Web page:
By Ahmed Yerima
When a nation, or one of its institutions, bursts into a new era, questions arise. Are the people going to expect more of the same? Are the leaders overwhelmed by the deluge of expectations? Is there a redemptive suite of programmes afoot? Is the nation or its institutions on the cusp of new way of doing things? Or are we about to be conned again with grandiose ideas in a daze of musical chairs?
That is the case in the Nigerian Maritime Administration and Safety Agency (NIMASA). Prior to the announcement of a new director general and a new governing board, NIMASA has served as a metaphor of what might go wrong with Nigeria, and that is why many an eye, whether optimistic or critical, are set on the agency. Over the past few years, scandals have erupted, court cases have simmered, accusations have answered accusations, big names and small names have added a sour grist to the drama. But at the bottom and at stake, is not only a question of integrity, but also two critical elements: competence and prosperity.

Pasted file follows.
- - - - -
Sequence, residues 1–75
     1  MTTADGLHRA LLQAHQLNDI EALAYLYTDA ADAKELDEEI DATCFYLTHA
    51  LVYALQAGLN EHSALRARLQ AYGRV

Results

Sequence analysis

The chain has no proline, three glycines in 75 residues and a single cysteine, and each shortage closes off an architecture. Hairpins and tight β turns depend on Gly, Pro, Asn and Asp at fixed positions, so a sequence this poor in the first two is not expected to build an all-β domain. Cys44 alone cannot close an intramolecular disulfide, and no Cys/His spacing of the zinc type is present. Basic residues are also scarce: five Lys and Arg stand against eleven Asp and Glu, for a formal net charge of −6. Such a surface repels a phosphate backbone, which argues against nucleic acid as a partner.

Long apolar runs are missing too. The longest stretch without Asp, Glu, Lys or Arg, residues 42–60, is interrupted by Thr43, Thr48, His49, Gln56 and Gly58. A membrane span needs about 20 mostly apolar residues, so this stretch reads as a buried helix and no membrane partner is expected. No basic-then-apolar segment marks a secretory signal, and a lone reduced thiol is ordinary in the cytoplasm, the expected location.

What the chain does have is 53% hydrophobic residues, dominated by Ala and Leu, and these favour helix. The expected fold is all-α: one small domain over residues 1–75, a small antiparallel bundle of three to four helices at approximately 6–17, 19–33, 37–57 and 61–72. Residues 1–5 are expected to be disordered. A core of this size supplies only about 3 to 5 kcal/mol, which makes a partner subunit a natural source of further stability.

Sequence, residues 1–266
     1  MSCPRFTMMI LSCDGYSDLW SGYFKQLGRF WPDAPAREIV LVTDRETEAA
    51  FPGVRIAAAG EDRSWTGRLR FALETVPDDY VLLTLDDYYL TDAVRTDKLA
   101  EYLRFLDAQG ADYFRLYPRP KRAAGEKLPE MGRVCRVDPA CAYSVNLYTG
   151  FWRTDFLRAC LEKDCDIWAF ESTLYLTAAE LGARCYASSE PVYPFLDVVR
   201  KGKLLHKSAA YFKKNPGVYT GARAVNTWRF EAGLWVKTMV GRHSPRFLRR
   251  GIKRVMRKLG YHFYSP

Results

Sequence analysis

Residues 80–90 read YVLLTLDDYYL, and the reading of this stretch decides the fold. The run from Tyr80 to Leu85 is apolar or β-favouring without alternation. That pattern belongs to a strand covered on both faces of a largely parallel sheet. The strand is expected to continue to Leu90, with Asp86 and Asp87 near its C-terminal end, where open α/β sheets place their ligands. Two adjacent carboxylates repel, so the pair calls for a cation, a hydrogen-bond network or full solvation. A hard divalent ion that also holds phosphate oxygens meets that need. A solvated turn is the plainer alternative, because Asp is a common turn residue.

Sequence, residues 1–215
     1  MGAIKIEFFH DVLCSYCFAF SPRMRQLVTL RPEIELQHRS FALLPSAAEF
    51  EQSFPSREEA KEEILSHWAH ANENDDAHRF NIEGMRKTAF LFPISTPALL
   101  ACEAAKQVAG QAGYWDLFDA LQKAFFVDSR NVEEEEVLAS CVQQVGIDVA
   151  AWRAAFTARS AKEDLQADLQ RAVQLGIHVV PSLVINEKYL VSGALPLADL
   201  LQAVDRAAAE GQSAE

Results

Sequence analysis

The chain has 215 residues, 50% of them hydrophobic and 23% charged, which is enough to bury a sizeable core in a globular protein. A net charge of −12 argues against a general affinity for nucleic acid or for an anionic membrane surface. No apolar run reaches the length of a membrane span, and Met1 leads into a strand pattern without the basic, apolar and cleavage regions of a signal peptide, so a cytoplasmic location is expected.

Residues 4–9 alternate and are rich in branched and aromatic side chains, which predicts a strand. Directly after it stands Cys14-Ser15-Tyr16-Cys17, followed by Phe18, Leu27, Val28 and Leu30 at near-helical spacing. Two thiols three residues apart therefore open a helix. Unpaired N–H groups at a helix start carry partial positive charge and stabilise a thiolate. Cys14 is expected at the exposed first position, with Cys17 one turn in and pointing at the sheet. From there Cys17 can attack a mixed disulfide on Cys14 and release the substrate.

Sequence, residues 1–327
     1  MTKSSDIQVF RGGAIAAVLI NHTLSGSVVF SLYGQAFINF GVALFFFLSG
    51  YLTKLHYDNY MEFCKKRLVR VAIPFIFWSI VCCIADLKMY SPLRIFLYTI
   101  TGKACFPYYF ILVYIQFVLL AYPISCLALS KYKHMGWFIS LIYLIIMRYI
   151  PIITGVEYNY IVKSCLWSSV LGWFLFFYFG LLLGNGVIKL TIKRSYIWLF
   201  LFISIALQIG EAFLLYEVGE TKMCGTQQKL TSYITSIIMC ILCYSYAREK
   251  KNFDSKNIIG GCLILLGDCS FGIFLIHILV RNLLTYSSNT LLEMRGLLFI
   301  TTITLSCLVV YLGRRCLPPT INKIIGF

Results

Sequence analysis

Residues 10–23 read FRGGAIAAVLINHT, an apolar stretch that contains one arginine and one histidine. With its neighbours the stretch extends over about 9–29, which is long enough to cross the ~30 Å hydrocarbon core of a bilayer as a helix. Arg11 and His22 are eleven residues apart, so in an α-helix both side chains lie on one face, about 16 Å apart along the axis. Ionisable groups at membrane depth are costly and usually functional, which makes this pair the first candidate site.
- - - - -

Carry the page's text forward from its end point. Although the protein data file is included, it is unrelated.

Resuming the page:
These three qualities have, arguably, been victims in what has been the rugged and barefaced politicisation of an important agency in Nigeria. Few Nigerians have heard of the word cabotage. Fewer even know about the role of NIMASA in an economy that has a buzz of activities on water and high seas. Few more know that the nexus of safety on sea, security and prosperity lies at the heart of the NIMASA dynamics.